Bill Hybels’ first “D” in a 3D model to walk across the room is:  Develop friendships.   Instead of figuring out how you can move farther, you scheme how you can get closer.  You ask that person who doesn’t share your world view or your values to lunch.  You invite him to play a round of golf.  You include her in a party they wouldn’t normally be included in.  You say yes to an invitation into their world that would have been more comfortable to decline.  You pray for, look for, and yearn for chances to develop friendship.

Here’s one practical idea to “walk across the room.”  Tad Texer sent me yesterday an invitation from the Council on Adolescents to be a “lunch buddy” for a Middle School kid.  What a great idea!  It’s a simple way to enter the world of a young person who, more than anything else, needs to know there’s an adult who cares.  Call or e-mail Chae Williams at 828.322.4591 or [email protected].

Where did we ever come up with the idea that the Christian thing to do is avoid broken people?  Do we not remember how Jesus spent his time around tax collectors and prostitutes?  Listen, he even spent his time around Pharisees, eating in their homes, just being with them.  Some of their lives were changed – not all of them, but some of them.  How do we expect broken lives to be changed if those who have what they need stay as far away as possible?  If we are salt and light, we need proximity.  I want to get closer.

Penetration

Here’s another connection between salt and light.  Both penetrate.  They permeate.  They infiltrate.  Salt does it chemically.  Light does it physically.  Both can be stopped, as we’ve already noted, but unless something happens to block it, the natural process is for salt to draw out moisture from meat, a process that intensifies the natural flavor, and to penetrate every fiber of the muscle.  Likewise, light may enter directly or indirectly through reflection from various colored objects, but as it bounces around the room it permeates each corner if given the opportunity.

This is, I believe, what Jesus intended for his disciples – that we would penetrate every fiber of individual lives, every corner of our culture.  But how do we do that?

Curt Thompson, the psychiatrist Cornerstone Counseling is bringing to Hickory November 6-7, will also speak here at Corinth November 9.  Chapter 2 of his book, Anatomy of the Soul, is titled, “As We Are Known.”  He writes, “We live in a world that values knowing things.”  But “knowledge alone does not satisfy.  What does satisfy is being known.”  I spent some time yesterday in marriage counseling with a newly married couple.  At this vulnerable stage of their relationship, they are having heated arguments that really amount to both of them saying, “You’re not listening.  You just don’t get me.”  Both of them want to be known by their partner.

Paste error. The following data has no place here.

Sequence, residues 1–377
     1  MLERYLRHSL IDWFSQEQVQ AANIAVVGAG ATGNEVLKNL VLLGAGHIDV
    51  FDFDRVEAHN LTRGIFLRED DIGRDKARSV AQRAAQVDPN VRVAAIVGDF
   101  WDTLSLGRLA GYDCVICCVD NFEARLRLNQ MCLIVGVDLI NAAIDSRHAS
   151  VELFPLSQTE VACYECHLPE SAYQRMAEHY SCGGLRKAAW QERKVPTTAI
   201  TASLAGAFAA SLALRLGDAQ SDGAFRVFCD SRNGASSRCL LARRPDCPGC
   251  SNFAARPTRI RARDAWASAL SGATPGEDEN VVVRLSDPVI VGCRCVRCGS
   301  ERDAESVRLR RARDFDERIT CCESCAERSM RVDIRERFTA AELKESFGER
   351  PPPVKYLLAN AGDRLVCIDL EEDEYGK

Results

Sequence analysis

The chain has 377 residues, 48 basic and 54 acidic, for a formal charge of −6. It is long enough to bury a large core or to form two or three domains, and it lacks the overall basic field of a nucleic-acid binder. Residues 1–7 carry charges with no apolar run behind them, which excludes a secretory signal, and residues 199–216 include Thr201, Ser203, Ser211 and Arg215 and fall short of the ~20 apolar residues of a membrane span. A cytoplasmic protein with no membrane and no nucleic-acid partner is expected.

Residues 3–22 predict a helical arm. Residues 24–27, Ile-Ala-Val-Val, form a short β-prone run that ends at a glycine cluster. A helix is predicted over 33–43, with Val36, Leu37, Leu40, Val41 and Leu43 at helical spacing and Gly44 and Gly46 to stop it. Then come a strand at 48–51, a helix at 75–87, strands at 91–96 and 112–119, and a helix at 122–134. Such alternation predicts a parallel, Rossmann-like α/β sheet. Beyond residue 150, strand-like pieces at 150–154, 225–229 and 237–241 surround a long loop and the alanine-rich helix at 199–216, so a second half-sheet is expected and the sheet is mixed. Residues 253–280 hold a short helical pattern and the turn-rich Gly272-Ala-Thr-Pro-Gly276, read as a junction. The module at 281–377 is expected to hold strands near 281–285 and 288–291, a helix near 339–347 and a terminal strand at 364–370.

The second “D” in the “3D” of “Walk Across the Room” is Discover stories.  Evangelism doesn’t start with some complex presentation of the Bible from Genesis to Revelation or a strategy to answer people’s complex questions about their doubts.  The starting point is to listen to someone’s story.  I ask some form of the following question several times every week.  Chances are I’ve asked you:  “Where were you born, and how did you get from there to here?”  When you discover stories, you open up the possibility for gospel penetration.  People don’t just like to tell their stories – they need to be known.

Listen to what I’m about to say with the background that most of you know – that I believe God designed sex for marriage between a man and a woman.  I don’t advocate for gay marriage or for gay rights.

What I do advocate is that we meet people where they are and love them right there.  I mean really love them, not conditionally.  What I’ve found is that it’s very powerful for gay and lesbian people just to ask for their story, and to listen non-judgmentally as they share their own accounts, which often are filled with wounds inflicted by “Christian” people.

I received an e-mail this week from Bill Henson, who was here in April leading a seminar called “Lead Them Home” about ministry to gays and lesbians.  His blog calls attention to a Rolling Stone article that describes a disturbing trend of homelessness among gay teens.  Why?  Because as soon as they “come out” to their parents they get kicked out of the home.  Is this the way to change their view of God and family and self?

Bill Henson says every Christian pastor should deliver this message in their churches, a message I wholeheartedly resonate with –

No matter what you believe about biblical sexuality, God calls you to love your child regardless of their sexual orientation or gender identity. The Bible never instructs you to disown your child. The church of Jesus Christ must lay down our lives to love gay youth. Parents, you have permission to love your kids whether they are gay or heterosexual. Jesus calls you to love well.

Of course there is more to be done after a gay teen – or anyone tells their story?  But the best way for salt and light to penetrate is for us to value people enough to give them a chance to be known – by God, of course – but we are his ears and eyes and arms.

Identity

This final point is not so much about the connection between salt as a substance and light as a particle, but between the way Jesus uses each metaphor.  Jesus doesn’t say, “Try harder to be salt and light.”  You are the salt of the earth.  You are the light of the world.  Be who you are.

You may think, “Well, I don’t feel much like salt or light.”  Then, as Paul says in 2 Corinthians 13:5, “Examine yourselves to see whether you are in the faith; test yourselves.”  Salt and light define who you are.  This is your identity.  He goes on in verse 6: “Do you not realize that Christ Jesus is in you – unless, of course, you fail the test?”